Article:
Ariocarpus Kotschoubeyanus v. Elephantidens
Commonly called “living rocks,” Ariocarpus cacti are edaphic specialist plants widely distributed in and around the edges of the Chihuahuan Desert. They are scattered in a large number of small, isolated populations, generally on limestone derived gypsum silt plains and on hills. The area where they grow must be quite wet during the rainy season (Summer). Some of these areas become flooded periodically during the summer rainy season.
These plants are extremely cryptic and are very difficult to spot as they blend in well with the terrain around them resembling dried mud. When they are found, it is usually due to their pinkish flowers. In times of severe drought the whole above-ground portion of these plants can shrink and be covered by mud, but the taproot remains alive. The main threats to this species are human settlements, waste dumps, illegal collecting, and local medicinal uses. Some localities have been partly depleted by illegal collectors.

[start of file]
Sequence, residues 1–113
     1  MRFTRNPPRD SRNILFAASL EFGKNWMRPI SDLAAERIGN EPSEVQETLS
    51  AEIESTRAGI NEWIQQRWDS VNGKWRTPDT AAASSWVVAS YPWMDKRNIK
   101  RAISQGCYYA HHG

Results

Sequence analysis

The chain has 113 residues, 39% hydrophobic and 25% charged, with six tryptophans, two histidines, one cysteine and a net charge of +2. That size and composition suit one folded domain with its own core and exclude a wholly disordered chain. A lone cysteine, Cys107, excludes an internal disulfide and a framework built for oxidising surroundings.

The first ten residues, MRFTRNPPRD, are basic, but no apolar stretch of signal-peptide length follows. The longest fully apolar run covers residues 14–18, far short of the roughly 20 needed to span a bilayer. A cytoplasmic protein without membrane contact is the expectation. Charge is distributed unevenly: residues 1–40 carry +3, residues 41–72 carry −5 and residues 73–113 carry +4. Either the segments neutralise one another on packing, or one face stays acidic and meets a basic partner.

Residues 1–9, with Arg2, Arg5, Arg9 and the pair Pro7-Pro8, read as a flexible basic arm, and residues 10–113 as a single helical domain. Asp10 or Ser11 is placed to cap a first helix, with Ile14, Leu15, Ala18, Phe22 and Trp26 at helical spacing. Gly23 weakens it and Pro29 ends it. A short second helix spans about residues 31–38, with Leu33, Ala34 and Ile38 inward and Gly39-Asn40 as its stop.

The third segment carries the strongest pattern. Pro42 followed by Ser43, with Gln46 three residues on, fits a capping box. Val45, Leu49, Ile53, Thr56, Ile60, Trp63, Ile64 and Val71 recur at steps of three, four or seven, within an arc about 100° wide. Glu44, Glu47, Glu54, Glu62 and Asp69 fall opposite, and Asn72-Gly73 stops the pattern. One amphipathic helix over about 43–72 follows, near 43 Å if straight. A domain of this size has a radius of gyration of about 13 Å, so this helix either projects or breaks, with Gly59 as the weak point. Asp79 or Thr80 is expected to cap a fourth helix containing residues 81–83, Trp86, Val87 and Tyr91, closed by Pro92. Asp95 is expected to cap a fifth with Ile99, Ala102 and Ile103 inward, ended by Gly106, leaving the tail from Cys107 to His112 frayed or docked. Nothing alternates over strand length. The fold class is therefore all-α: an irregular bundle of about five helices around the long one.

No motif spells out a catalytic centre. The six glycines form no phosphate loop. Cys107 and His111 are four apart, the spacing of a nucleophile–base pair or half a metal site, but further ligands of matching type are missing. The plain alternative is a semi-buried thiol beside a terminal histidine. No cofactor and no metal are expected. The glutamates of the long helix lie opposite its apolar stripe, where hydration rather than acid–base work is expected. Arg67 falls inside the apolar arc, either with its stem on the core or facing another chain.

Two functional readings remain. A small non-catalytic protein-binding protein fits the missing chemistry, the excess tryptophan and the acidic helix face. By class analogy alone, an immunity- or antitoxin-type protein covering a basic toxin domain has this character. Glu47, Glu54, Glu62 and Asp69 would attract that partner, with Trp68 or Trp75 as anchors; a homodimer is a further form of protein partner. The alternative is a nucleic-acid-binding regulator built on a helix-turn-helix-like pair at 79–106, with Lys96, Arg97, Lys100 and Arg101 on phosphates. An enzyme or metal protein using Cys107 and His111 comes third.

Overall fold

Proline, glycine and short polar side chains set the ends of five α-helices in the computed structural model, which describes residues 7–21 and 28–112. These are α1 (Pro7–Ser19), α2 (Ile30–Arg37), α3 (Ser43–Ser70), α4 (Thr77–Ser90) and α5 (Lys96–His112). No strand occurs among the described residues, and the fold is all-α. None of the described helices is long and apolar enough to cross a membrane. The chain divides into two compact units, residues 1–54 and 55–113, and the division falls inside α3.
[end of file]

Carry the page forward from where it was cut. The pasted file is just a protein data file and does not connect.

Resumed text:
Ariocarpus kotschoubeyanus are very flat geophyte cacti that produce small star-shaped rosettes. They in most cases don’t reach more than only a few centimetres above the ground. Although they can form clumps, often only a small disc of tubercles can be seen flat at the soil surface, however these plants grow a large tap root below the surface of the compost.
Ariocarpus kotschoubeyanus v. albiflorus cactus seeds found here.